At the same time, the second part of that was manners are included, and that was a game that actually allowed my brothers and sisters and I to develop, what I have been told for many years since, wonderful table manners and a great deal of civility around the table. When I am not quite as civil as I should be in this House, I will try to remember manners are included and apologize for that.

Instruction to Standing Committee on Procedure and House AffairsPrivate Members' Business

6 p.m.


Mario Laframboise Bloc Argenteuil—Papineau—Mirabel, QC

Mr. Speaker, I am pleased to speak to the motion moved by the hon. Conservative member. Earlier I asked a question of the member, who did appear open, but we must nevertheless have a closer look at the situation. Why is it that we are discussing question period here today? Recent history tells us why.

We have had a minority government since 2006. Inevitably, this government is feeling a little oppressed by opposition questions. Prior to that, we had the sponsorship scandal, and question period in the House had a significant impact on what happened in Canadian politics. If we want to change how things are done, it is very important that the opposition not lose any of its power to put questions to those who deserve them. At the time of the sponsorship scandal, Alfonso Gagliano was bombarded with questions every day. So we have to look at how the Conservative member's motion will affect this way of doing things.

The Bloc Québécois agrees with the first paragraph of the motion:

(i) elevating decorum and fortifying the use of discipline by the Speaker, to strengthen the dignity and authority of the House,

We have already mentioned this many times in the House. Of course, we believe the Speaker has the power to elevate decorum. That is his responsibility, and he must exercise it.

The motion contains other paragraphs:

(ii) lengthening the amount of time given for each question and each answer,

I listened to the speech given by the hon. Liberal member just before me. She mentioned the Quebec National Assembly. We must not forget that at this time, the House has two and a half times more members than the National Assembly. If the Conservatives' reforms for the House of Commons go ahead, this would add about another 30 members and the House of Commons would have three times more members than the National Assembly. So it is only natural that, during question period, the questions and answers are longer because there are fewer members.

As I mentioned earlier to the Conservative member who moved the motion, the problem is that we do not want to see the number of opposition questions decreased as the amount of time for questions and answers is lengthened. Obviously, it was not clear. What he said was that we would have to ask shorter questions. Why would the Bloc Québécois ask 30-second or 20-second questions? Because it wants to keep the same number of questions it has now. Otherwise, question period would have to be extended. But extending question period would affect committees and all kinds other things. Things are this way for a reason.

The third paragraph states:

(iii) examining the convention that the Minister questioned need not respond,

We have always said that this is question period, not answer period. The ministers could always claim that they answered us, and then provide unsatisfactory answers. I have to wonder about that paragraph.

(iv) allocating half the questions each day for Members, whose names and order of recognition would be randomly selected,

Once again, if the point is to allow every member in the House to be eligible for the random selection, so just as many government members as opposition members, that means that government members would get more questions, and the opposition would get fewer. That means that we would not have been able to ask the 440 questions that were asked during the sponsorship scandal, and that the Bloc Québécois would have fewer opportunities to clean up Parliament.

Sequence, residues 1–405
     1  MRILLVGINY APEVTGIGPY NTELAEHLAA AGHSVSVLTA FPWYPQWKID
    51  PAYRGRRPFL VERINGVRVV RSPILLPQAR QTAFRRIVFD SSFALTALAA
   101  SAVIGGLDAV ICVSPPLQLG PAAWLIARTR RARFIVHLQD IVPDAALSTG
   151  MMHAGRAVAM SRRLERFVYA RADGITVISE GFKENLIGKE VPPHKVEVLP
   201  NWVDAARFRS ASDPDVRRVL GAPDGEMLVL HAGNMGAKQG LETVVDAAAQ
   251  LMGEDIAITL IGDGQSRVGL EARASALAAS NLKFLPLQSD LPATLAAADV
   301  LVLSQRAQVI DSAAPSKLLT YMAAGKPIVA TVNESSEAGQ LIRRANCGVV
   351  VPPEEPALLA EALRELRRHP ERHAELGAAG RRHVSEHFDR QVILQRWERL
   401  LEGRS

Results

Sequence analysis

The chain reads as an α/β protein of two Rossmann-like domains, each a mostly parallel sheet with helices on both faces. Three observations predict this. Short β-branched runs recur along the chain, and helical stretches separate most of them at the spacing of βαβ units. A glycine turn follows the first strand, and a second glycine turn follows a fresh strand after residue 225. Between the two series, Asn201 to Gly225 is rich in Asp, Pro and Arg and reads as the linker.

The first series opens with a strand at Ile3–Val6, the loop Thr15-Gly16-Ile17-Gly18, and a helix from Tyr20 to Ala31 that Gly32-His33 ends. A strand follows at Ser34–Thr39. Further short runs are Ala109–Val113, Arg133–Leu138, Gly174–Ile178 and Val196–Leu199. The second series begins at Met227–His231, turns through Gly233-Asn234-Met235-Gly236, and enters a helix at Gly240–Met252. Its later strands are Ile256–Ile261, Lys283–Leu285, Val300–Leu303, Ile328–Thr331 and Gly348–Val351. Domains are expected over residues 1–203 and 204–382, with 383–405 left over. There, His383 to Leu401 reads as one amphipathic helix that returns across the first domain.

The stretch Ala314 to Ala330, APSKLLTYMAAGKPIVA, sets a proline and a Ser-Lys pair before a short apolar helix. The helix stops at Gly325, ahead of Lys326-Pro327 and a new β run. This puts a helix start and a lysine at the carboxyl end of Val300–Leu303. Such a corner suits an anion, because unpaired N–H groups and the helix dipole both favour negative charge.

(v) dedicating Wednesday exclusively for questions to the Prime Minister,

It is similar to the paragraph that follows it:

(vi) dedicating Monday, Tuesday, Thursday and Friday for questions to Ministers other than the Prime Minister in a way that would require Ministers...

That would mean that if a current affair involves a minister and his day is Thursday or Tuesday of the following week, we would have to wait a week before being able to question that minister. That makes no sense. We would have to wait a week before we could ask the Prime Minister a question on Wednesday. That makes no sense. Take, for example, the effect that question period had on the sponsorship scandal. Every day it helped reveal the scope of the largest scandal involving the Canadian government in our country's history.

Obviously, at first glance it would be understandable to agree with the principle of this motion. We agree that decorum in the House needs to be improved and we will support any measure to that effect. But, the motion moved by the Conservative member seems to want to muzzle the opposition and we will never agree to that. I can understand that the Liberal Party, which was hit hard by the sponsorship scandal, will support the motion. However, they will understand that the Bloc Québécois, which wants increased transparency in this House, will oppose any measure that would limit the opposition's time to ask questions. Obviously, our discussions and positions will always be aimed at increasing transparency.

I realize that our Conservative colleague has reached out to us, but we have to say that it was the Conservative Party that prorogued Parliament when under a great deal of pressure about the treatment of Afghan detainees. It was this government that refused to turn over the documents, and the Speaker had to make a historic ruling to force the government to turn over those documents. And it is this government that is refusing to allow political staff to appear before committees, so we have to watch out. When I read the motion as written, I feel that the intent is to shut down and muzzle the opposition, but we will always oppose any attempt by the Conservative Party to muzzle us.